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A Project of The Annenberg Public Policy Center

Sanders Spins Young Voter Turnout in Iowa


Sen. Bernie Sanders claimed there was a “huge voter turnout” among young caucusgoers in Iowa this year, saying the turnout was “even higher than Obama’s extraordinary victory in 2008.” In fact, about 10,300 fewer young voters turned out this year than in 2008.

Sanders, who finished in a virtual dead heat for first place with Pete Buttigieg in the contested Feb. 3 Iowa caucus, has made the argument that his grassroots campaign can defeat President Donald Trump.

“To win, we need energy, we need excitement, we need the largest voter turnout in American history,” Sanders told the Des Moines Register before the Iowa caucus. “I think we are the campaign to do that.”

Even though turnout was only slightly better among Democrats in Iowa this year than it was four years ago, Sanders has repeatedly pointed to young voter turnout as a sign his campaign can bring out the youth vote in November. But he’s spinning the figures.

On CNN’s “State of the Union” on Feb. 9, Sanders said: “In Iowa, where the turnout was not as high as I wanted it to be, among young people, people under 29 years of age, we increased the voter turnout by some 33%. It’s a huge voter turnout.”

On NBC’s “Meet the Press,” the Vermont senator said: “The young vote, of people under 29 years of age, increased by 33% over where it was four years ago, and was even higher than Obama’s extraordinary victory in 2008.” He called it a “great omen for the 2020 campaign.”

Sanders is referring to an increase in the proportion, not the numbers, of young voters.

It’s true that an estimated 24% of this year’s Democratic caucusgoers in Iowa were 29 years old or younger — a higher percentage than in 2008 (22%) and 2016 (18%), according to Edison Research, which conducts entrance polls at the Iowa caucus sites for major news organizations. But far more people participated overall in 2008, including more young people.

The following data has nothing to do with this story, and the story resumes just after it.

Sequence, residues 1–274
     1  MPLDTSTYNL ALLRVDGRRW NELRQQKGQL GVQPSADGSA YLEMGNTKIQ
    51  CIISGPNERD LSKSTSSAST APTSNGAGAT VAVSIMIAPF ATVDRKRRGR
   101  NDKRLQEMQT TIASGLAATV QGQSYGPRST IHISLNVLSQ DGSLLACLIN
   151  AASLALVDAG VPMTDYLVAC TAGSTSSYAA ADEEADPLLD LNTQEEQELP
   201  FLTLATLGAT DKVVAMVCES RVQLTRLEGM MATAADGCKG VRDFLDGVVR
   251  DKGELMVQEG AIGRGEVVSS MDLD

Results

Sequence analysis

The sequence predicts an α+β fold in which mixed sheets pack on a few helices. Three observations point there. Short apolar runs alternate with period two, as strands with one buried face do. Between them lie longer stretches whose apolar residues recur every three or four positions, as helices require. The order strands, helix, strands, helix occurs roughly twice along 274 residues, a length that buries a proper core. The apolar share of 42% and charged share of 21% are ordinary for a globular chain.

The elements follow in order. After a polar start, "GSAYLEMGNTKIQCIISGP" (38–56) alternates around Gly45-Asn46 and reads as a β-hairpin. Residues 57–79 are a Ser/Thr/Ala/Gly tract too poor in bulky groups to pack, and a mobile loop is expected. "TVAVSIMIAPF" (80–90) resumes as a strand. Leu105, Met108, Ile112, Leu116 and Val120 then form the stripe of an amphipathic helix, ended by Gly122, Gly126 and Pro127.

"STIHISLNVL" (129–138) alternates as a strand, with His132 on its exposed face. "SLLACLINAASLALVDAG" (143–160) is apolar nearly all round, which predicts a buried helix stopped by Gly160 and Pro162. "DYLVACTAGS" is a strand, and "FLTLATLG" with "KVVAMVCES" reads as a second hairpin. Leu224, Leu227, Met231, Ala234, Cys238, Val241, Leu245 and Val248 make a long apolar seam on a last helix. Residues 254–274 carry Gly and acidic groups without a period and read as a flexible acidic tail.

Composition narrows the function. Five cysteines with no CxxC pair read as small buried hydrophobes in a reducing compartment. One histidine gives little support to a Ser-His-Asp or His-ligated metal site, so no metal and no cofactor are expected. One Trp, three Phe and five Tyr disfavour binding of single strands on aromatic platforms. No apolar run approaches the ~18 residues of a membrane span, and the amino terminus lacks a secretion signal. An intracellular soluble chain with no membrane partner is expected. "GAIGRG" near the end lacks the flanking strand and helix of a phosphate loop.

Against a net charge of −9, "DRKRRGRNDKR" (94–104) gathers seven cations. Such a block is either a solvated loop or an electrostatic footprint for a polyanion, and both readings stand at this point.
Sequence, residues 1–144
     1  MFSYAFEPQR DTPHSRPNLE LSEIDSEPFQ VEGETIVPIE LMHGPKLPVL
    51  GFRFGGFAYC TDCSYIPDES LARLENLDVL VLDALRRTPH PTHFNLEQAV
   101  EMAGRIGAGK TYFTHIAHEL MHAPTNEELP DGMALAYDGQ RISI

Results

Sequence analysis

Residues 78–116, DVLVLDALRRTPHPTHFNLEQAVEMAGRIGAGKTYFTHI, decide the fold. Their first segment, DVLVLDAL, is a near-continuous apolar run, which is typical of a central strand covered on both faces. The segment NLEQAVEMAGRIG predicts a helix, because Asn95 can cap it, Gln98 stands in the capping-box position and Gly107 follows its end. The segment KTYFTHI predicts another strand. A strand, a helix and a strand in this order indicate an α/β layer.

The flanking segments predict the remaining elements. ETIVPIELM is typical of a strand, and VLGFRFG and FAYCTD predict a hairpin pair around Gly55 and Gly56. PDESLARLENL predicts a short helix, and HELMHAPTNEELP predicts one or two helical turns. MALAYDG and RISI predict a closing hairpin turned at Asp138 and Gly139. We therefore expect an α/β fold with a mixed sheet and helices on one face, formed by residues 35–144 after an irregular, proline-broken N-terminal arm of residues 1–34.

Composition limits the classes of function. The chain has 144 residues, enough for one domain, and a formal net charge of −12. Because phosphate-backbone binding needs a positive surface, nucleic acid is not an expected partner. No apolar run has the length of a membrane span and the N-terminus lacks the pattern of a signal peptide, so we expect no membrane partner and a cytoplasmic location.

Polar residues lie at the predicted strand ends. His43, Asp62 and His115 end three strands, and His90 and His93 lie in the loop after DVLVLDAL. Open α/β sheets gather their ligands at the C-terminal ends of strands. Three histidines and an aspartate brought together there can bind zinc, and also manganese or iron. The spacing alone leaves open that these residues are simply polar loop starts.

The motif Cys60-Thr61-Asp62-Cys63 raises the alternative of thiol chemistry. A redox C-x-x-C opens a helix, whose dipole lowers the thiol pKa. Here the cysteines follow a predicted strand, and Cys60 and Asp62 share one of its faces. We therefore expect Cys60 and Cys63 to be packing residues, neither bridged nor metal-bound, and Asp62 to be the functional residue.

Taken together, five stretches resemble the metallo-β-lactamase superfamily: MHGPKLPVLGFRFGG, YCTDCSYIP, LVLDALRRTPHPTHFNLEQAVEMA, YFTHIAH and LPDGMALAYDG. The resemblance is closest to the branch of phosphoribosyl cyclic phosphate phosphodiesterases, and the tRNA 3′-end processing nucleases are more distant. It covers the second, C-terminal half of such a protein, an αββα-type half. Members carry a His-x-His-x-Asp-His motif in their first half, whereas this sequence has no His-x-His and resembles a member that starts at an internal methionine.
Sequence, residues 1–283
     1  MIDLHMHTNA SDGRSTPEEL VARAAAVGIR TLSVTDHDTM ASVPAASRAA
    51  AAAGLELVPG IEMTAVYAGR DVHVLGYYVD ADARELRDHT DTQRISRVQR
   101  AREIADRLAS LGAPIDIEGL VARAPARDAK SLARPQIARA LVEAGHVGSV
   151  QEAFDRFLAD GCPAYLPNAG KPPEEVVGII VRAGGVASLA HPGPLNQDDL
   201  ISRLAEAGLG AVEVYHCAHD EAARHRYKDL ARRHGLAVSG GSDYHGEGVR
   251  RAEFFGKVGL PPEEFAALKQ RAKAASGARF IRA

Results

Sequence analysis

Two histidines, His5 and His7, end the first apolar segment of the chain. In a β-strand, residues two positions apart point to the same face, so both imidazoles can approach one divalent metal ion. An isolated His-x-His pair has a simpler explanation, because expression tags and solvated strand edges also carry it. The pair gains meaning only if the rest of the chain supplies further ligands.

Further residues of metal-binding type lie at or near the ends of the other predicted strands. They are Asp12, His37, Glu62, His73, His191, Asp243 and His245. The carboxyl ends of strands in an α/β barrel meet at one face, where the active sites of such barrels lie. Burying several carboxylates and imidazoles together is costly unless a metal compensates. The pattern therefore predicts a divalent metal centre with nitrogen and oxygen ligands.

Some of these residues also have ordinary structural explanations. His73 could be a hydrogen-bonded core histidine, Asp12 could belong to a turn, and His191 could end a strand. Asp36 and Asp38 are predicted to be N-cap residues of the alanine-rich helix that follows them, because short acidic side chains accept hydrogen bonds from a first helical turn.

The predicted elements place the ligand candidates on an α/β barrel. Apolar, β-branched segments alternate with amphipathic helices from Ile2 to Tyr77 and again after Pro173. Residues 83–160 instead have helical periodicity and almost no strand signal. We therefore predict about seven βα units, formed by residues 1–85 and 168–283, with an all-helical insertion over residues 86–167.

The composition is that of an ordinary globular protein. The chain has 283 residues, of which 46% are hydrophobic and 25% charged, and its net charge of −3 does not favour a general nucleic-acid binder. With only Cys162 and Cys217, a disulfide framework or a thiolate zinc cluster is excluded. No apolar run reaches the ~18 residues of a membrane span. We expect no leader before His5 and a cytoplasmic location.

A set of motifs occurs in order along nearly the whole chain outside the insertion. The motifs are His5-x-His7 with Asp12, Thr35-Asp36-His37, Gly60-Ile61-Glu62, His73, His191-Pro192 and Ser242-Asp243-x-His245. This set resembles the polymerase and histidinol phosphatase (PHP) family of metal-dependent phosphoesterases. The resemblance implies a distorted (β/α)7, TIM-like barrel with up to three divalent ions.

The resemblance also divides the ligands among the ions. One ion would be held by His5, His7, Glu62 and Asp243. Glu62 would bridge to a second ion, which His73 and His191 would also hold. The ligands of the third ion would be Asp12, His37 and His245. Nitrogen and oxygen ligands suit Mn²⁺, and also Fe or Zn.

“In 2016, participation in the Iowa caucuses was around 170,000 voters,” Edison Research said in a blog post prior to the Iowa caucus. “But in 2008, turnout for the Democratic caucuses in Iowa reached record levels; 239,000 voters came out to participate in the caucuses that year.”

That means about 52,580 people ages 17 to 29 participated in the Iowa caucus in 2008 — which is far more than came out this year.

As the Washington Post reported, 176,000 people participated in the Democratic caucuses in Iowa, which means about 42,240 of the Democratic caucusgoers were 29 years old or younger. That’s about 11,640 more than participated in 2016 — when Sanders was also a presidential candidate — but it’s about 10,300 fewer younger voters than in 2008.

So, Sanders’ claim that young voter turnout among Iowa Democrats “was even higher than Obama’s extraordinary victory in 2008” is pure spin.